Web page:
Obama-Care Comeback 'A Legislative Lazarus Tale'
As prospects brightened for passage of Obama-care (a feeling justified by Sunday's House passage of the legislation), Sunday morning dawned with a front-page take on the "legislative Lazarus tale" of Obama-care. That Biblical allusion comes a week after the Times ran a bizarre photo of Obama as Christian icon.
From Sheryl Gay Stolberg, Jeff Zeleny and Carl Hulse's long report, "The Long Road Back."
Now, in what could become a legislative Lazarus tale - or at least the most riveting cliffhanger of the Obama presidency so far - the House is set to take up the health bill for what Democrats hope will be the last time.
For Mr. Obama, who vowed earlier this month to do "everything in my power" to see the bill to fruition, the measure's passage would be an extraordinary triumph. Its defeat could weaken him for the rest of his days in office.
The Times again leaned on the Obama White House's favorite political prop, the sad case of Natoma Canfield, who could no longer afford her health insurance after being treated for cancer for 16 years:
And one day after the meeting, the White House deployed its secret weapon: Ms. Canfield.
In a meeting with insurance executives, Mr. Obama read her letter aloud. In seven poignant paragraphs, she wrote that 16 years after being treated for cancer, she could no longer afford her health insurance and was terrified she would get sick and lose the house her parents built.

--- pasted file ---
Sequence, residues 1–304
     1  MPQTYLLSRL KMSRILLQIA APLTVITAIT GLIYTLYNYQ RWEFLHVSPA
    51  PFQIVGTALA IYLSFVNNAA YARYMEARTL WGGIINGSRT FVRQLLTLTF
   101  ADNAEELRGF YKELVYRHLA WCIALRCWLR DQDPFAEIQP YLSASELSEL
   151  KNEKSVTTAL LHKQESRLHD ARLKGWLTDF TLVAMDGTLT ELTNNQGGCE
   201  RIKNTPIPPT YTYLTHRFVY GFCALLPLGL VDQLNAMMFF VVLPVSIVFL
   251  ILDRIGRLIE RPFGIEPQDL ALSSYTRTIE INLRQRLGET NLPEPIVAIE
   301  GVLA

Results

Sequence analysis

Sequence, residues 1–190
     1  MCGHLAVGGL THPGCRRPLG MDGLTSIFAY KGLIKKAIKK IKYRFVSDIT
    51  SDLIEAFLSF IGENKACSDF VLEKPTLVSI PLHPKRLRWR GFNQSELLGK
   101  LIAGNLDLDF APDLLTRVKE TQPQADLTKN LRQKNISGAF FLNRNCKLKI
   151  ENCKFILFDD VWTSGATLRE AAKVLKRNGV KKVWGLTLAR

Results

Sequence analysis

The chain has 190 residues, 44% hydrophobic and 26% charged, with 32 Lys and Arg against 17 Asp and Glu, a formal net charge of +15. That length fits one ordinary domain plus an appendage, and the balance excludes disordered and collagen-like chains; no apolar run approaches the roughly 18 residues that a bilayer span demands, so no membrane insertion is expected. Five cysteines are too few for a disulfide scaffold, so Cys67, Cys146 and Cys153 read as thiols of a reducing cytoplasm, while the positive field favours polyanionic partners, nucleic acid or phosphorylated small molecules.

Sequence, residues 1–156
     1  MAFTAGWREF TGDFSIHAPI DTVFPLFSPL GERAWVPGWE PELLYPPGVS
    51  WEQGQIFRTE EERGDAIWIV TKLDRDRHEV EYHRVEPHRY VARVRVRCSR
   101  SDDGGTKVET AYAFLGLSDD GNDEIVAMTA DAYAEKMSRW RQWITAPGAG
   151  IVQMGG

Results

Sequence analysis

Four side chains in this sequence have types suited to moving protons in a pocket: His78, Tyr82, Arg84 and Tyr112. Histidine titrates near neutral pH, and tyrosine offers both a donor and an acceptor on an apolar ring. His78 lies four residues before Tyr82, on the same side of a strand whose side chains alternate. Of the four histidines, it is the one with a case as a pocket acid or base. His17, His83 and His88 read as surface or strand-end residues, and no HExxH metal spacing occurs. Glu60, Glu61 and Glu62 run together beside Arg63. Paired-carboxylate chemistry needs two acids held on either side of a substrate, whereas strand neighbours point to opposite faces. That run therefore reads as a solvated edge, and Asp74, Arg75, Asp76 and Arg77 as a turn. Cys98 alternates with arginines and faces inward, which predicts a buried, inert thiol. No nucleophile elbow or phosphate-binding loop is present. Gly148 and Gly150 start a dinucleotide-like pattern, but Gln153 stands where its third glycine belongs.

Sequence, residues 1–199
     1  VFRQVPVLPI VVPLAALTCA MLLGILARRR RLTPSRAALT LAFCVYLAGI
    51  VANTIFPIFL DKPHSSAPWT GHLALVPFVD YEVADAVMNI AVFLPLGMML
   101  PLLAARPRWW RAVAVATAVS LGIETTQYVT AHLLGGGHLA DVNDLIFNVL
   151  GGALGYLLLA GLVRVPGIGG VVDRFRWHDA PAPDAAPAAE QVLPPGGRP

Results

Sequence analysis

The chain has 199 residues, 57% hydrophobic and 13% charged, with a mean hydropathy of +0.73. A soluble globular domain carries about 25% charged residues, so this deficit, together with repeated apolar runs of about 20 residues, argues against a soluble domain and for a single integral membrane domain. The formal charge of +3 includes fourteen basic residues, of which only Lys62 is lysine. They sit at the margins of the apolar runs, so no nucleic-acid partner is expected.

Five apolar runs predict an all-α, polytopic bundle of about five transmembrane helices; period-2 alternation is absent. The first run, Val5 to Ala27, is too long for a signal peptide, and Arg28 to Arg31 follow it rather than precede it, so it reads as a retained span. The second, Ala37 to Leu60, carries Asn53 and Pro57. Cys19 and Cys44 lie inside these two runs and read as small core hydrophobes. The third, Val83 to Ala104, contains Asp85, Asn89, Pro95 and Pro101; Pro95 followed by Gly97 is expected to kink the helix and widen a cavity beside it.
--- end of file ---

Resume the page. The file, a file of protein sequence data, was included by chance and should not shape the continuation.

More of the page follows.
From studying polls and focus groups, the White House knew public opinion seemed to be slowly shifting in favor of some elements of the bill. And Ms. Canfield's story allowed Mr. Obama to personalize the debate, reminding Americans that it was not just about numbers, but lives. The president and his communications team had no way of knowing then that Ms. Canfield would soon receive a new diagnosis, leukemia.
The White House shared her letter with the news media. Within an hour, camera crews were at Ms. Canfield's door.
The Times cited the "moral" vision of House Speaker Nancy Pelosi and President Obama on health legislation:
Like Mr. Obama, Ms. Pelosi regards passing health legislation as a moral imperative, and sees herself making history if she can get it done.
Many Democrats say her upbeat, unflappable attitude buoyed them through the darkest days after Massachusetts. But faced with a member she considered intransigent, she could be "scary tough," as one person involved in her strategy sessions said. She would stand up, her high heels and imperiousness exaggerating her height, and talk sternly.